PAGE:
of course, money can’t buy you democracy any more than it buys you love. but the near-zero budget for Scotland’s “community tier” of governance matches its near-zero powers and near-zero number of contested elections. This is not local democracy, and neither elected mayors nor compulsory voting will fix this underlying democratic deficit.

So well done to those who won seats after (generally) herculean efforts last week. Mammoth challenges await new councillors as they walk a delicate line between the reform of service delivery and electoral wipe-out.

but if a 38 per cent turnout is not seen as a mandate to transform local government, what is it except a huge, howling roar of dissatisfaction from two-thirds of Scots?

Local governance in Scotland is wrong-sized. debate in the next two years looks set to be dominated exclusively by the “national” issue of Scottish independence, and yet local and national sentiment are clearly related. It’s hard to see how people deemed incapable of running their own towns and villages – uniquely in Europe – can be confident enough to run their own country.

Scotsman, 5 May 2012

Our civic spirit needs re-energising

An open discussion is needed about what has gone wrong with local democracy, writes Alf Young

POLITICAL success is all about electoral momentum. And nowhere does that matter more than in prereferendum Scotland, where the crucial vote on our future constitutional relationship with the rest of the United Kingdom steadily approaches, now just some 30 months away.

Strictly speaking, this week’s ballot wasn’t about independence. Its purpose was to determine the shape of Scotland’s local democracy over the next five years. But it would be naive to think its complex outcome has no bearing on the political orchestration of that much bigger decision we all have to make, the one that looms in autumn 2014.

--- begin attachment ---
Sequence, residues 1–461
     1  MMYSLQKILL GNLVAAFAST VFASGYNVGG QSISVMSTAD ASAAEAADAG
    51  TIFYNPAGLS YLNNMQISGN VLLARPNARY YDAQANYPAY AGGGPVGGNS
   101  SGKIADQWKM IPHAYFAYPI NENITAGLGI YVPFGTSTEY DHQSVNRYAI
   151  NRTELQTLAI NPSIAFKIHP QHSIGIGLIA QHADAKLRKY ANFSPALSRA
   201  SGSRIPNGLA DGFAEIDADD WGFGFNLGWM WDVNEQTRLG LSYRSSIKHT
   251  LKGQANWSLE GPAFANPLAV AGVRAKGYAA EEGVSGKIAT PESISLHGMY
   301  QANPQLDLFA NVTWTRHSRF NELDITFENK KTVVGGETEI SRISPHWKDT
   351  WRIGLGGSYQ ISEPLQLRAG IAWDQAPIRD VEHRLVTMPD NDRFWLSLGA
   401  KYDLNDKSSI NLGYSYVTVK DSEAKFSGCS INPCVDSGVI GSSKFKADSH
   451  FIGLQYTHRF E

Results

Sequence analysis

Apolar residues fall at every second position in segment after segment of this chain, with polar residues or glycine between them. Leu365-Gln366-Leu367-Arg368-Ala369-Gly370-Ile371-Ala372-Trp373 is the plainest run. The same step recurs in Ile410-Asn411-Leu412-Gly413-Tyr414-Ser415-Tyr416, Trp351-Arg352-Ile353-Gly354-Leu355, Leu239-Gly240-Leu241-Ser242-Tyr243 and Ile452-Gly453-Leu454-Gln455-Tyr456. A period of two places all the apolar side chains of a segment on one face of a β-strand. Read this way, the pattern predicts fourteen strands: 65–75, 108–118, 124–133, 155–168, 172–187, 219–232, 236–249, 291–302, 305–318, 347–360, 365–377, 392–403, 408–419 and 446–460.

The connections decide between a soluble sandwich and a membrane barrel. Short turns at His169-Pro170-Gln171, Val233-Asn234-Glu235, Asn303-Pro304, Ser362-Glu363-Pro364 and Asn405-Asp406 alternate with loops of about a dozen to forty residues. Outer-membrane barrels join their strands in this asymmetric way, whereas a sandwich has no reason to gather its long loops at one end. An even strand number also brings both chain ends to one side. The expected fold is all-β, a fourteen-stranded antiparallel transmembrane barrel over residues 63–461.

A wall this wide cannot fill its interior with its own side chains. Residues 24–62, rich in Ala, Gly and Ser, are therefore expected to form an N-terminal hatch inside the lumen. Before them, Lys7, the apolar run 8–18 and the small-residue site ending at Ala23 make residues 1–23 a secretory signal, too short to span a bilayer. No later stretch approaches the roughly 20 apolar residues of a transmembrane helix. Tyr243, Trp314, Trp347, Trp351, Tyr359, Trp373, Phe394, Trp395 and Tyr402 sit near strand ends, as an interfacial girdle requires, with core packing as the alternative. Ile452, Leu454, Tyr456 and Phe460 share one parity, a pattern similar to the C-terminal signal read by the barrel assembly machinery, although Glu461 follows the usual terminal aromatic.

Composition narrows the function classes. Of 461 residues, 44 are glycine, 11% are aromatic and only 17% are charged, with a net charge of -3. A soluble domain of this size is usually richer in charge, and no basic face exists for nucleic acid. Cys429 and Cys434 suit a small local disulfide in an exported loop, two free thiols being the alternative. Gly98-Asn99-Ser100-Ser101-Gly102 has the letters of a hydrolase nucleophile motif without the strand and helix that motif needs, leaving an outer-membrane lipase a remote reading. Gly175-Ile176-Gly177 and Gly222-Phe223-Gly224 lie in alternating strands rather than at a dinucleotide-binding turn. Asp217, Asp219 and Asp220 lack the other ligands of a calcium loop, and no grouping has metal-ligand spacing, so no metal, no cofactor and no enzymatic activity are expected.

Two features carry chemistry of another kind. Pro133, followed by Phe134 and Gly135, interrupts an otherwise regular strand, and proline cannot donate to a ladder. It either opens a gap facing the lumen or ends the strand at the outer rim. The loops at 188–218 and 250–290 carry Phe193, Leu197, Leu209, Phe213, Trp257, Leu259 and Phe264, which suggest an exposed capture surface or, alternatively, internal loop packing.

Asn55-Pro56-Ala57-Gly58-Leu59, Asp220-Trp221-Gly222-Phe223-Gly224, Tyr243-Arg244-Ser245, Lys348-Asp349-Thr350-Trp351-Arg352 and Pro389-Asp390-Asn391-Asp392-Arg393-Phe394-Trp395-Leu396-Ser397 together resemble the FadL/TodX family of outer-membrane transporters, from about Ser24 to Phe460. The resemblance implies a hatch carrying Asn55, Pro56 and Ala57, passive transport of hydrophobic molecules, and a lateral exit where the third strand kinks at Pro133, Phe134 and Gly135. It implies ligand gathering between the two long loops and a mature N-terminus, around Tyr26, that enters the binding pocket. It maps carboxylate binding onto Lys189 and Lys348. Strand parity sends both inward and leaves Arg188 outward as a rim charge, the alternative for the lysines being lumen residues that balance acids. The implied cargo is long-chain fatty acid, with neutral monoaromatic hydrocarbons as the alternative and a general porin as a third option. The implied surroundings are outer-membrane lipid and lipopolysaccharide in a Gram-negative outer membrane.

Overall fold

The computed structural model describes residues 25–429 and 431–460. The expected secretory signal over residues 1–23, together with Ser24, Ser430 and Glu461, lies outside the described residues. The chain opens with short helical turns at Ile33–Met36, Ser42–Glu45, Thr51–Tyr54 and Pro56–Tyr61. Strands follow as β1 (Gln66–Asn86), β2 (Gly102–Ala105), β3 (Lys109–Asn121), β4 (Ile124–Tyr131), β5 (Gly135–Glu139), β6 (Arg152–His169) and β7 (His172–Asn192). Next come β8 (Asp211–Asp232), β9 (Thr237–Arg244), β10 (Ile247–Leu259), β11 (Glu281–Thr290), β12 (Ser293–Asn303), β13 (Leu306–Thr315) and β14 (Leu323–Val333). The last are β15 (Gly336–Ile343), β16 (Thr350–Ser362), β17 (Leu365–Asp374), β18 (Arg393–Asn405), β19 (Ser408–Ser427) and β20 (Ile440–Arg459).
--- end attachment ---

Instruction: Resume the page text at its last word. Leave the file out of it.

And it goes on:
Yesterday, as the results flowed in, it became clear that the momentum, in the rest of the UK, now lies with Labour, at the expense of the Westminster coalition. Here in Scotland, thanks to the virtual demolition of Lib Dem support, the momentum released was shared by Labour and the SNP. Expect sustained squabbles in the days ahead over which of them won the lion’s share of the spoils.

While the votes were still being counted, Alex Salmond was already doing the rounds of radio microphones and TV cameras, insisting the SNP, in horse-racing parlance, still has its nose in front. Despite being in government in Edinburgh for the past five years, his party can boast more councillors than it had seen elected in 2007. And they’ve won seats in every corner of Scotland.

Despite another voting system, STV, designed to put one-party rule out of reach, the SNP now controls the councils in Angus and Dundee outright and has made strong gains in North and East Ayrshire, in Stirling, Aberdeenshire and Midlothian.